- Overweight/Obesity: Carrying extra pounds may not just be due to sedentary lifestyles or a slow metabolism, but actually caused, in part, by a decline in melatonin activity in the first place. This can become a vicious cycle, in that fat stores themselves can decrease melatonin. Research suggests that melatonin supplementation may help bring patients who struggle with their weight into a better metabolic balance, as part of a diet and exercise regimen.4
- Various Health Conditions and Diseases: In addition to obesity, other conditions — including systemic inflammation, autism spectrum disorders, polycystic ovary syndrome, heart disease and insulin resistance — may have a cause/effect relationship with melatonin levels. That’s not to say that low levels are necessarily the reason for the disease, but they may be both a contributing factor and effect of many health issues.2
With all of these health factors in mind, there’s a strong case to be made for recommending melatonin — and I haven’t even touched on its potential for preserving bone density, cancer prevention, tumor reduction or depression treatment.2
Nonetheless, melatonin needs to be recommended with care. Patients may need to block out some time for extra sleep and plan on getting ready for bed a little earlier than usual. They also may want to limit caffeine and alcohol intake during the lead-up to and use of the supplement, so that it can work its best to help restore healthy circadian rhythms and restoration sleep.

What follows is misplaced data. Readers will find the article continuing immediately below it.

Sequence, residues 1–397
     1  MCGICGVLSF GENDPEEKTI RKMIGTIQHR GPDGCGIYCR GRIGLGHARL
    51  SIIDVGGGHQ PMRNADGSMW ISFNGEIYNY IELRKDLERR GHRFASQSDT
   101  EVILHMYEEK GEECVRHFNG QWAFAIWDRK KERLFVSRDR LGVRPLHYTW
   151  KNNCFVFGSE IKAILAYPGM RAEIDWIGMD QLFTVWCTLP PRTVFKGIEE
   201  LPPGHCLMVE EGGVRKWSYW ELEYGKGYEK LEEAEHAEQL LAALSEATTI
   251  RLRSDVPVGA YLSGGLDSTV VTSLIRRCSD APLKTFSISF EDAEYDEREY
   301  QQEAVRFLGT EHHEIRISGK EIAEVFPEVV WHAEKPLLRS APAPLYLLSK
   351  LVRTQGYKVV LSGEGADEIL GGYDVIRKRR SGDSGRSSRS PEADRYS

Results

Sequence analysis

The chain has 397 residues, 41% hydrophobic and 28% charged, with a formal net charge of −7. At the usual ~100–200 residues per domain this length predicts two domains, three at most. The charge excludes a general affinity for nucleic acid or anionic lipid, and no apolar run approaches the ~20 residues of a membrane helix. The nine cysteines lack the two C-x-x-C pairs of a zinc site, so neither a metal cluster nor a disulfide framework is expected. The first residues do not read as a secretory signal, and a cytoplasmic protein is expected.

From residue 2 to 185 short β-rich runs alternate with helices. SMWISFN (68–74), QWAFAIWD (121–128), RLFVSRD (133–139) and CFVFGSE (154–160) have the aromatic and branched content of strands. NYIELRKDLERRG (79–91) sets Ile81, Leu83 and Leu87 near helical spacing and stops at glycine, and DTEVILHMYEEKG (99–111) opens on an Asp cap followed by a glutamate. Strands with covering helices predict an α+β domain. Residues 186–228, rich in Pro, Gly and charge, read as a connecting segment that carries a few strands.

I’m also a big fan of sustained-release forms of melatonin. Sometimes the body can rapidly cycle through melatonin, so levels don’t remain consistent to help a patient get better sleep. A 10-mg dose of sustained-release melatonin can initially get someone into a healthy cycle.
Reduce daily anxiety, increase sleep
Effectively dealing with anxiety during the day can also help prevent sleeplessness at night. For that, consider a specialized extract of Echinacea angustifolia. While many echinacea species are well-known for bolstering the immune system, a specific extract from a specially cultivated plant calms nerves and relieves anxiety.
This clinically tested Echinacea angustifolia (EP107) delivers alkamides — natural compounds with effects on the endocannabinoid system similar to phytocannabinoids from hemp — that ultimately have a “cooling effect” on the way stress and anxiety are felt in the body and mind.5-7